This was a time where the internet was capable of everything, and virtual reality was the wave of the future, which is what “Lawnmower Man” banks on to tell its yarn about the dangers of mind expansion. “Lawnmower Man” for a movie allegedly based on a Stephen King novella is really just a pastiche of other Frankenstein tales and tech gone bad stories from the past. It’s infamous, also, for being “based on” a Stephen King novel in name only (leading to a very notable lawsuit). Instead of a King tale, we get Jeff Fahey turning in to a computer and knocking boots with a very delectable Jenny Wright.
Pierce Brosnan plays a work obsessed Dr. Lawrence Angelo, who is working on a program that can advance the intellect of its subjects. While he wants to use it as a means of expanding minds and opening communication, his financers have other plans hoping to engineer it in to a war machine. After his experiment involving a chimpanzee fails, Dr. Angelo takes advantage of local mentally disabled lawnmower man and caretaker Jobe. Jobe is a nice enough guy whose only friend is a young preteen boy named Peter, and the owner of a gas station (Geoffrey Wright) he works for. After tricking Jobe in to getting in to his machine, he begins to reprogram his brain using the VR technology and a brain enhancing serum. When Jobe begins to transform, he begins to corrupt the tools for his own use and for his own grand scheme.
Director Brett Leonard doesn’t introduce too much original or innovative insight in to the idea of technology expanding our mind, thus much of is muddled pseudo-spiritual babble and clunky Christ allegories. It doesn’t help that the main character’s name is Jobe who is prey to just about everyone in his life. The more he evolves the more he views himself as a potential God, and this is where the movie basically falls apart. From there it’s basically just another revenge story where Jobe wreaks havoc on his enemies through really bad CGI. Even for 1992 the CGI is terrible to the point where it’s kind of laughable. In the VR landscape presented you can excuse it, but once he starts disassembling the atoms of his enemies or invading their minds, it’s distracting. Back in 1992 we didn’t know better, did we?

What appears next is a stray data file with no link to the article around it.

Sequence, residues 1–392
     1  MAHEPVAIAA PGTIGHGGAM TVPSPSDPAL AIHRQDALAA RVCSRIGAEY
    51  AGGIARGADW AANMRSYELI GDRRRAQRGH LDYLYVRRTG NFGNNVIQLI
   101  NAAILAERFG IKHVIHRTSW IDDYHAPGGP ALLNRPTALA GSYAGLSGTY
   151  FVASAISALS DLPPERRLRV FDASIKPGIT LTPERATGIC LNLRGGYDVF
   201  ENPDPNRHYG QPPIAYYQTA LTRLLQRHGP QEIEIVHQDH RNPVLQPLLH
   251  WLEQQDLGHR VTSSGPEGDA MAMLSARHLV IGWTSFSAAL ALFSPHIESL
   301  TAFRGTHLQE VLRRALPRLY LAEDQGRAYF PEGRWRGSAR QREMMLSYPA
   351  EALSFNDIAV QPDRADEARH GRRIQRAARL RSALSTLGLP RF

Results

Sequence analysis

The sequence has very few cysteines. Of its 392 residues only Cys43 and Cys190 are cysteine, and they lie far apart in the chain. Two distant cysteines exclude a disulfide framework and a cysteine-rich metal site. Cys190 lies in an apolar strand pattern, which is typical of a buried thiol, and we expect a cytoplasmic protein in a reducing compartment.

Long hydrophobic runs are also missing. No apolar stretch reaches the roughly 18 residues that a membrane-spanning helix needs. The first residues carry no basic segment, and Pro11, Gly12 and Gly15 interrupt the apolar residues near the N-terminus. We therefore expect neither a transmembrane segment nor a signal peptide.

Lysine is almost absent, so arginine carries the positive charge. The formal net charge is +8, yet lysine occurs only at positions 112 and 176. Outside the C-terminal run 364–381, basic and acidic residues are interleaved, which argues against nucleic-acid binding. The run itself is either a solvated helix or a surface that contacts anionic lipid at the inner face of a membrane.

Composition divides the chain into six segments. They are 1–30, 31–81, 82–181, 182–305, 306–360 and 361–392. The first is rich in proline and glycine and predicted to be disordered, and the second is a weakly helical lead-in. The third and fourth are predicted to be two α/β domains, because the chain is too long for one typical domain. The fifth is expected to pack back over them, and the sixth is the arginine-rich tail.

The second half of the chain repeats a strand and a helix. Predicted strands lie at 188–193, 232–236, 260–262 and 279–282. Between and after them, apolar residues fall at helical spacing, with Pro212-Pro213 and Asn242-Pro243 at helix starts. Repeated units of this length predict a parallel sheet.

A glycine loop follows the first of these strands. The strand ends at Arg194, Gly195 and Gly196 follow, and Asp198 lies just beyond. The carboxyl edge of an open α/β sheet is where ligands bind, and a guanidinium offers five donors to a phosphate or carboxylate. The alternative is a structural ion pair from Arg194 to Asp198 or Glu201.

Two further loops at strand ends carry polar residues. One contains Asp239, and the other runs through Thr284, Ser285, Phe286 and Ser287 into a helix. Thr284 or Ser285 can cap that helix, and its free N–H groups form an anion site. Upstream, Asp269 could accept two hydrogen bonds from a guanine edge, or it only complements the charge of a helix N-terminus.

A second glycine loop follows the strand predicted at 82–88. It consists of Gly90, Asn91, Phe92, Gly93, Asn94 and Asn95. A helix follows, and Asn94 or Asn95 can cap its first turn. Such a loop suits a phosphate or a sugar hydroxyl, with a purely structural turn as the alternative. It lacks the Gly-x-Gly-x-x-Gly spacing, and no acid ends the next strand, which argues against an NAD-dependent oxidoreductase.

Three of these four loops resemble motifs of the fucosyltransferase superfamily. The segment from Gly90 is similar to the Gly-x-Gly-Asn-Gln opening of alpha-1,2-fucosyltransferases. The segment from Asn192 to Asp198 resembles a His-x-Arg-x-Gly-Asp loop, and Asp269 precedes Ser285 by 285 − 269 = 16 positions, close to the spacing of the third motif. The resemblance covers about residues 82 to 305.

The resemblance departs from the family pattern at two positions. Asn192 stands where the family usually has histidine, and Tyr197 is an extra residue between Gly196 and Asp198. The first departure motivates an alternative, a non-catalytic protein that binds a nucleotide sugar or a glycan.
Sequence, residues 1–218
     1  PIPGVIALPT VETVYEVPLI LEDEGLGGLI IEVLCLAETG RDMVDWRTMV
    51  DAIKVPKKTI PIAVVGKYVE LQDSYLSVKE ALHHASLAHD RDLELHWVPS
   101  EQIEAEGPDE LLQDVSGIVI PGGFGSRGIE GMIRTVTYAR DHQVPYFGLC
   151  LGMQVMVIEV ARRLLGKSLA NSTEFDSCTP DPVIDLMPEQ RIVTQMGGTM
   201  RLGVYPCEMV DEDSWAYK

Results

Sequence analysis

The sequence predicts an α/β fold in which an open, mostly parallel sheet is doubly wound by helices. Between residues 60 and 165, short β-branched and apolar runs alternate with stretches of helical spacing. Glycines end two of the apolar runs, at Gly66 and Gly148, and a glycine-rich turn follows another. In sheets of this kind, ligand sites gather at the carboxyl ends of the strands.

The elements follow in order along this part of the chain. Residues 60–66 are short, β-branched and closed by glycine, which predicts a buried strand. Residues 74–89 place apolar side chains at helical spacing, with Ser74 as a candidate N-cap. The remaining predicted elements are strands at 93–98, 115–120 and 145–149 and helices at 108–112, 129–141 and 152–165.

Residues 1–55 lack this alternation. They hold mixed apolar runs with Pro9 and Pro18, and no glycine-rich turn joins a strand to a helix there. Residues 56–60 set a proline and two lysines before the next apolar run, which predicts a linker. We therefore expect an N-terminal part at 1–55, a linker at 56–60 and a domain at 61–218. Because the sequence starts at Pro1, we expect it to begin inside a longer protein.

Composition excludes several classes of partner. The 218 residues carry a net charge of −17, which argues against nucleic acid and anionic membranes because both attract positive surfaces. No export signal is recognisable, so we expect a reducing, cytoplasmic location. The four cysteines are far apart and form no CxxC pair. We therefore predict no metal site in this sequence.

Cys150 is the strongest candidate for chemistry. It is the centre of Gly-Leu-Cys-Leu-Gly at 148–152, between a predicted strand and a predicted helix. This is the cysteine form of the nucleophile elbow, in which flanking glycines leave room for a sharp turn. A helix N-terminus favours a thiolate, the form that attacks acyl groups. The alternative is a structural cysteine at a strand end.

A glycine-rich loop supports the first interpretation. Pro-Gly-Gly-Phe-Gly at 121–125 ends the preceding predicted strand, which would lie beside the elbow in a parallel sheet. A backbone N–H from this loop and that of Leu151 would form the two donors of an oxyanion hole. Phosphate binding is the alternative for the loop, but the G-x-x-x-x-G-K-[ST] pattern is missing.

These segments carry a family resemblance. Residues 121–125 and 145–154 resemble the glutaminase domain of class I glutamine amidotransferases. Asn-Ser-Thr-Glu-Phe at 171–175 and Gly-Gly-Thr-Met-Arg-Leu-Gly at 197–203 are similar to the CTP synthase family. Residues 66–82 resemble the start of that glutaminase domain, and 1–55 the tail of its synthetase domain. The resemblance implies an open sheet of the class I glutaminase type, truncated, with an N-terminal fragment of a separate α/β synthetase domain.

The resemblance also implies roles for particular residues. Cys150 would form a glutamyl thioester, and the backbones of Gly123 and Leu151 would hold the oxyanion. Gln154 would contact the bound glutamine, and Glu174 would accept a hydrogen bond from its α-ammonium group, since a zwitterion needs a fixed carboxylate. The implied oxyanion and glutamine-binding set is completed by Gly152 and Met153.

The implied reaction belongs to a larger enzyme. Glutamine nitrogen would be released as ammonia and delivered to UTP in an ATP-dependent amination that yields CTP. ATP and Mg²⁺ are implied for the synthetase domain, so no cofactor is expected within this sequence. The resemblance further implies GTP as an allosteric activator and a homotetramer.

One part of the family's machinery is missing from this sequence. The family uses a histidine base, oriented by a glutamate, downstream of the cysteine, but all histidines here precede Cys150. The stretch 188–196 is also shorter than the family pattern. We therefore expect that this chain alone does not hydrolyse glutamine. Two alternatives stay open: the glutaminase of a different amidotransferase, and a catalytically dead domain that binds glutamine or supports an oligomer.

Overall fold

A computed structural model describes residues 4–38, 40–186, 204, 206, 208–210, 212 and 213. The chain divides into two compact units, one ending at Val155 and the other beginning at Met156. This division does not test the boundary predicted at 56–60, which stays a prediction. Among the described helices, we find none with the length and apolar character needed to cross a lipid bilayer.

You can essentially predict where Jobe’s transformation will go and how his enemies will fare thanks to clunky foreshadowing and it’s all fairly mediocre PG-13 fare. You can lump “Lawnmower Man” in as a movie that takes from the pages of superior works like “Frankenstein,” “Carrie,” “Altered States,” “Deadly Friend,” and “Village of the Damned,” all superior. Brosnan can play a role of this ilk in his sleep, and comes off more like an opportunist even in the very end, while Jeff Fahey plays Jobe less as mentally disabled and more like someone with a social awkwardness. “Lawnmower Man” in its own right is an okay film despite being thirty minutes too long. It might even entertain you if you can lower your expectations and appreciate it as one of the many mediocre cyber thrillers from the nineties.
After spending years in discount bins and clearance sales, Scream Factory grants “Lawnmower Man” some TLC with a 2 Disc Blu-Ray Edition. The first disc features the original theatrical cut, as well as an audio commentary with writer/director Brett Leonard and writer/producer Gimel Everett. “Cyber God: Creating the Lawnmower Man” is a fifty minute exhaustive look in to the making of the film, from grabbing the rights from the short story, to making its own movie. There’s also looks at casting, the then groundbreaking special effects, and how New Line Cinema cut a lot of the film to tighten the pacing.
There are twenty seven minutes of deleted scenes, and the original Electronic Press Kit, a four minute bit of interviews with Jeff Fahey and Pierce Brosnan. There’s the four minute edited animated sequences, the original theatrical trailer dropping Stephen King’s name, and the original TV Spot. The Second disc features the Director’s Cut of “Lawnmower Man” which garners over thirty extra minutes of added footage, not to mention a lot of re-cut sequences to change the pacing. There’s another audio commentary with writer/director Brett Leonard, and writer/producer Gimel Everett. There’s an HD slideshow of conceptual art and design sketches, Behind the scenes and production stills, and finally Storyboard comparisons, all of which are HD.